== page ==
Clement Space in the City, Dawn-joy Leong, 2017. Immersive art installations. Photo: Dawn-joy Leong.

A pioneering project which I helped to co-lead is the National Gallery Calm Room, which opened in 2022. A first of its kind in Singapore, it was conceived and executed under the principle of “activated inclusion”. Participants from the autistic, neurodivergent and disabled communities were invited to share their sensory experiences and needs through contact group discussions. They helped to choose the materials, features and design of the room. Everyone is welcome to use the Calm Room at any time during opening hours, without need for prior permission. Based on the fundamental practices of Clement Space, the National Gallery Calm Room room exemplifies how Clement Space can be a gift of empowerment and healing from the autistic realm not just to the autistic, neurodivergent and disabled. Emanating from the autistic paradigm and inspired by inherently autistic self-coping strategies, Clement Space is inclusive and accessible to everyone in need of rest and restoration.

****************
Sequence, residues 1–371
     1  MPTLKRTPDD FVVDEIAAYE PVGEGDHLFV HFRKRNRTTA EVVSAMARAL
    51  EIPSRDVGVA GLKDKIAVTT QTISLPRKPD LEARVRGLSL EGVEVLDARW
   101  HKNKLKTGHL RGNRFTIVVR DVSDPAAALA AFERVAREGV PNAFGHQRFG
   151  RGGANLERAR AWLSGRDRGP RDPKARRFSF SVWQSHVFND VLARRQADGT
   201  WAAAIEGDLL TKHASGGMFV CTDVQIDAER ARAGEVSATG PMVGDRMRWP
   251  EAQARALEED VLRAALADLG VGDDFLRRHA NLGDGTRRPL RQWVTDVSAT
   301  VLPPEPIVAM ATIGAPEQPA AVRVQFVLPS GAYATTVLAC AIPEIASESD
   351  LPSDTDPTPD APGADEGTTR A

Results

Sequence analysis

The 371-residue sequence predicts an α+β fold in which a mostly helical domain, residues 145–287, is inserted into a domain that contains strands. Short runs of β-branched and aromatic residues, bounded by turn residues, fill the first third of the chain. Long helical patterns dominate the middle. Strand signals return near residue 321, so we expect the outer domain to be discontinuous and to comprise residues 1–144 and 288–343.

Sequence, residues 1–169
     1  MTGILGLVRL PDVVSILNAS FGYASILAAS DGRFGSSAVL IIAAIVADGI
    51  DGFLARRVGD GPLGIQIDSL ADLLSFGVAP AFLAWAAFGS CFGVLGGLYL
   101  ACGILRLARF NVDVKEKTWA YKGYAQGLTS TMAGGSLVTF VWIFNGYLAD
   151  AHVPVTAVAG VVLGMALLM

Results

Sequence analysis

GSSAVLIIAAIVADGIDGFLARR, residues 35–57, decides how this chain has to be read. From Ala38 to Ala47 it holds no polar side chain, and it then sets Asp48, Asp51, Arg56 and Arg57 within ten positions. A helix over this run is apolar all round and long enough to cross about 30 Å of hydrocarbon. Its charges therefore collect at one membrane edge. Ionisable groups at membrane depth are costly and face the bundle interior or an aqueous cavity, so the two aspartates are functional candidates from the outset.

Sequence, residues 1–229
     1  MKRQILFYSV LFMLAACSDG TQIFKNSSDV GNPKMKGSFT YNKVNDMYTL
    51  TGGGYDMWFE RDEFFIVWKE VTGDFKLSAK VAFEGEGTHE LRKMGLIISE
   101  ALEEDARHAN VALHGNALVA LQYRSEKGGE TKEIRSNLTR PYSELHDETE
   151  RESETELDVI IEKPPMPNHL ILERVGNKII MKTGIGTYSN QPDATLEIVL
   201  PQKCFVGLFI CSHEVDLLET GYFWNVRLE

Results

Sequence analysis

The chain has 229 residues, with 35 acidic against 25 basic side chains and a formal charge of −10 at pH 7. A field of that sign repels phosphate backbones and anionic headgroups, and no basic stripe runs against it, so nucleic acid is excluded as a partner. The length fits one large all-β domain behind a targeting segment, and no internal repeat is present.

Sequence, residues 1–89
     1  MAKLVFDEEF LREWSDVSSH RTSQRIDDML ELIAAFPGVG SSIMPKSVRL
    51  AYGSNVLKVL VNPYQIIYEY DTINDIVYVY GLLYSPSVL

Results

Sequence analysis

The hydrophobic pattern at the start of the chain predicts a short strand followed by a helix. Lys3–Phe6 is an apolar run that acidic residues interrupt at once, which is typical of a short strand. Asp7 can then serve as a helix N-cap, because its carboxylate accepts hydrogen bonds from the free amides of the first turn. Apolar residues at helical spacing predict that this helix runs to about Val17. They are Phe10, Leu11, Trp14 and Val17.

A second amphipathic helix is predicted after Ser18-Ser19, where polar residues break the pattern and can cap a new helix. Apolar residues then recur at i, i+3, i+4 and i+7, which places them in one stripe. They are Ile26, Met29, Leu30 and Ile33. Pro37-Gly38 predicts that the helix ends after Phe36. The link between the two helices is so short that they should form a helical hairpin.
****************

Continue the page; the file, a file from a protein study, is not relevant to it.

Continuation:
About the author 

Dawn-joy Leong is an Autistic interdisciplinary artist and researcher, currently based in Singapore. Her research and artistic practice focus on autistic sensory idiosyncrasy and elemental empathic connectivity to sentience and materiality. She lives with her retired assistance dog, Lucy Like-a-Charm, her creative muse and closest companion. Together, they traverse multidimensional terrains of wonderment, flipping pages of imagination, dancing around polyrhythmic fires, humming in and out of tune, and learning new ways to embrace life and Be. Find her at www.dawnjoyleong.com or on instagram at @dawnjoyleong. 

References

Leong, Dawn-joy. (2016). Space of Mind, Scheherazade’s Sea: Autism, Parallel Embodiment and Elemental Empathy. University of New South Wales, PhD dissertation.